May 1 saw 10 new members join the European Union. That would have been a remarkable event in its own right: the biggest intake of countries in the history of the enterprise, and never to be surpassed, despite the remaining queue of would-be members. When you consider that the newcomers include Poland, the Czech Republic, Hungary, and the Baltic states—the western part of the old Soviet empire—this latest enlargement seems all the more momentous. It draws a line under the history of Soviet tyranny in Europe outside Russia. Looking forward, it signifies an awesome new beginning for the European democratic project.
Looked at that way, of course, the moment is unquestionably one to celebrate. And aside from their historical resonance, the accessions create genuine new opportunities for the transition economies of Eastern Europe to speed development. They need all the help they can get. All are poor, and many are still struggling to discard their post-Communist inheritance. The western part of the E.U. has chances to gain as well. Faster growth to the east will help to invigorate its own beleaguered industries. And the Union's hugely expanded pool of young workers will help to redress the worsening demographic imbalance to the west. All in all, there is plenty to celebrate. And yet.
The problem is that the E.U. is ill-prepared. The prospect of this union of 25, encompassing a much wider spread of levels of development than before, should have started E.U. leaders on a searching rethink of the rules of the organization, and of its very purpose. A rethink of sorts was in fact undertaken—in the form of a new constitution—but the job was bungled. The resulting proposal is a constitutional atrocity.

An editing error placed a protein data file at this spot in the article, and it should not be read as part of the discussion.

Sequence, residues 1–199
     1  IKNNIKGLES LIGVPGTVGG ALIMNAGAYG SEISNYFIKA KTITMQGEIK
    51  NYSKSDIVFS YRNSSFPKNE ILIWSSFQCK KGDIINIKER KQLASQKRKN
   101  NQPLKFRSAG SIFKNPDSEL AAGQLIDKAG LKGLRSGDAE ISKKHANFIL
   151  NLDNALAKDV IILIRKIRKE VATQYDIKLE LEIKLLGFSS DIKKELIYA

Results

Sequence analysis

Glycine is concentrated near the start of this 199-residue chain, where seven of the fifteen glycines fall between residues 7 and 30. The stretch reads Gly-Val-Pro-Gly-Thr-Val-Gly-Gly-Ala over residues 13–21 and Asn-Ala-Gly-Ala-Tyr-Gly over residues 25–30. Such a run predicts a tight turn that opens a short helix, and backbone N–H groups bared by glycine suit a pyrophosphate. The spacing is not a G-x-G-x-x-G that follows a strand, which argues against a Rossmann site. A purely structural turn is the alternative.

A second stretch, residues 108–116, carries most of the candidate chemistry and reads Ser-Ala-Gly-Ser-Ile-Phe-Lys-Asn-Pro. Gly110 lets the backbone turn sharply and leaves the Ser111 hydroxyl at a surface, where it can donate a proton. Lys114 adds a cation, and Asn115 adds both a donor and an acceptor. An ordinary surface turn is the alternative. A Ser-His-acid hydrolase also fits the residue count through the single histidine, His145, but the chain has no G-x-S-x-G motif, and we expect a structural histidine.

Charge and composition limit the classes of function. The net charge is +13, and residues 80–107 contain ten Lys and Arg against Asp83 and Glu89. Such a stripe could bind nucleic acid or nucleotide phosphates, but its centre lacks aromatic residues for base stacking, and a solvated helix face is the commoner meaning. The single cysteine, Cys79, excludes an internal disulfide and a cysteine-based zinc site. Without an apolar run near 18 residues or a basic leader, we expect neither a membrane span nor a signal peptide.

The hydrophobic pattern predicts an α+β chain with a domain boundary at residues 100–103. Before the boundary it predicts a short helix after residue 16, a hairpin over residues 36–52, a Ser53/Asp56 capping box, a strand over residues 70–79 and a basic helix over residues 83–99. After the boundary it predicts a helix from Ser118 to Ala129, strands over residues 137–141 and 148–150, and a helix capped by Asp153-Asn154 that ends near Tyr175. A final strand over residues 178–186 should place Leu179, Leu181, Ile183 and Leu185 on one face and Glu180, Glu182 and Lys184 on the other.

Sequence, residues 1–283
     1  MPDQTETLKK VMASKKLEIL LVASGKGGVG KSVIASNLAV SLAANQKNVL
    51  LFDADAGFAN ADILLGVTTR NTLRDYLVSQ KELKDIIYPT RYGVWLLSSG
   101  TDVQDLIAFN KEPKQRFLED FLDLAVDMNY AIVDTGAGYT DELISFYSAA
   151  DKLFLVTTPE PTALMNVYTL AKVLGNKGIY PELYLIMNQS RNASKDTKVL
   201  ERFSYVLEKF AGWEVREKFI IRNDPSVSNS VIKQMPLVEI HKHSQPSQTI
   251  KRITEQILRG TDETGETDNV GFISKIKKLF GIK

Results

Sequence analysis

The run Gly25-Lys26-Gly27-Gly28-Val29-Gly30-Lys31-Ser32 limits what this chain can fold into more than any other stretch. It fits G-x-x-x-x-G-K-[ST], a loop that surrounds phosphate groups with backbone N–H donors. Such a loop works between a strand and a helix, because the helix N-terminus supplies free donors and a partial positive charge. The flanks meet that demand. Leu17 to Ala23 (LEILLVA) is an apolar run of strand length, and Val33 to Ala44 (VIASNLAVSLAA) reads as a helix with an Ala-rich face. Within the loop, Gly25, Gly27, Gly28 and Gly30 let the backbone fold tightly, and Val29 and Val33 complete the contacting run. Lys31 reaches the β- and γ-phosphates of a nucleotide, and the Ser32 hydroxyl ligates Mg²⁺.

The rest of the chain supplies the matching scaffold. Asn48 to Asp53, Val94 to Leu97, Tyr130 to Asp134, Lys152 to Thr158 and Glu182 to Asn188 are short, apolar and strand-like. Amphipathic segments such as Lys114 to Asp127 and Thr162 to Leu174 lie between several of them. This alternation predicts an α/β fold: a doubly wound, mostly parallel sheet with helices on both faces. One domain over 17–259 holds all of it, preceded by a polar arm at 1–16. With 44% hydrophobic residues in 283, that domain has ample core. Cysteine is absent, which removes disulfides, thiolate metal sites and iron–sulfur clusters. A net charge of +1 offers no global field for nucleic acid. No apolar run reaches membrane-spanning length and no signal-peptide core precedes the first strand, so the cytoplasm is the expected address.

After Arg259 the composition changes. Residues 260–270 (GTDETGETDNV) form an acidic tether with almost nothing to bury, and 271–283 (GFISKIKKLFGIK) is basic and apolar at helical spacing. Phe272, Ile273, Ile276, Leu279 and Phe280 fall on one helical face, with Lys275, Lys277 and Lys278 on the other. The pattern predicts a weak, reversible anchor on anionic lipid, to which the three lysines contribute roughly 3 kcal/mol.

And the reason the new constitution turned into such a shambles is precisely that the big important questions about what a union of 25 countries is really for were, in effect, ignored. This design, if one may use that term, is so flawed that it may not be an exaggeration to say that the accessions of May 1, which should have been the E.U.'s moment of greatest triumph, carry the seeds of the Union's eventual destruction.
Perhaps because people in Europe sense this possibility, last weekend's celebrations over the enlargement were far more muted that you might have supposed. Some of the accession countries appear to be having second thoughts, even though, in almost all cases, overwhelming majorities directly supported membership. It is as though voters in those countries understood that membership was an economic necessity—but a political risk, nonetheless. The Czech Republic's president, Vaclav Klaus, put the point with customary bluntness when he declared recently that his country was about to cease to exist as a sovereign nation.
Against this fear, of course, voters universally—and rightly—saw the economic advantages of membership as compelling, both in terms of aid (the new members, being poor, will be net recipients of fiscal transfers from the center) and even more in terms of secure unrestricted access to the markets of Western Europe. That mutual, credible commitment to economic integration will bring the new members, in turn, far greater inflows of private foreign investment.
For a clue about the economic boost that the new members can expect, look at countries such as Ireland (which joined the Union in 1973) or Portugal and Spain (members since 1986). On joining the group, these three were economically backward countries, with incomes far below the European average. Ireland is now one of the richest countries in the E.U.—richer than the United Kingdom. Portugal and (especially) Spain have also done well. All three have benefited hugely from generous aid. Even more, they have gained from expanded cross-border private investment and surging business confidence.
On the face of it, there is no reason why these economic miracles should not be repeated in Eastern Europe. Admittedly, the demands posed by the newcomers mean that E.U. aid will be less generous than in the past, but given that the newcomers are starting out even poorer in relation to the European average than did the previous generation of catch-up countries, the spur of E.U. membership ought to be even more powerful.